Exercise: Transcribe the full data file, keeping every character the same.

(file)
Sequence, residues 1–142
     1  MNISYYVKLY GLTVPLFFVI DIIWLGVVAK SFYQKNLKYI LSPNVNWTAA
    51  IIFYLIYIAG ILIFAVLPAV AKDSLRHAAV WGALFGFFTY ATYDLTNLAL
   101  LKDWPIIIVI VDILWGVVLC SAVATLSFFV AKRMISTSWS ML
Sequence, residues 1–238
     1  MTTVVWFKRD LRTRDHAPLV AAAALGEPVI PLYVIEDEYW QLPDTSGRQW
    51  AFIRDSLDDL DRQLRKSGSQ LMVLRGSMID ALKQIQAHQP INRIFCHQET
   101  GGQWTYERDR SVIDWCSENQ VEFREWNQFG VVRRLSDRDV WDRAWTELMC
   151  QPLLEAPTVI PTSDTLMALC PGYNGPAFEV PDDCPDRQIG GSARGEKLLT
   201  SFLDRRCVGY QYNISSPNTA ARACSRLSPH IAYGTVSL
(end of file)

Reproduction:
Sequence, residues 1–142
     1  MNISYYVKLY GLTVPLFFVI DIIWLGVVAK SFYQKNLKYI LSPNVNWTAA
    51  IIFYLIYIAG ILIFAVLPAV AKDSLRHAAV WGALFGFFTY ATYDLTNLAL
   101  LKDWPIIIVI VDILWGVVLC SAVATLSFFV AKRMISTSWS ML
Sequence, residues 1–238
     1  MTTVVWFKRD LRTRDHAPLV AAAALGEPVI PLYVIEDEYW QLPDTSGRQW
    51  AFIRDSLDDL DRQLRKSGSQ LMVLRGSMID ALKQIQAHQP INRIFCHQET
   101  GGQWTYERDR SVIDWCSENQ VEFREWNQFG VVRRLSDRDV WDRAWTELMC
   151  QPLLEAPTVI PTSDTLMALC PGYNGPAFEV PDDCPDRQIG GSARGEKLLT
   201  SFLDRRCVGY QYNISSPNTA ARACSRLSPH IAYGTVSL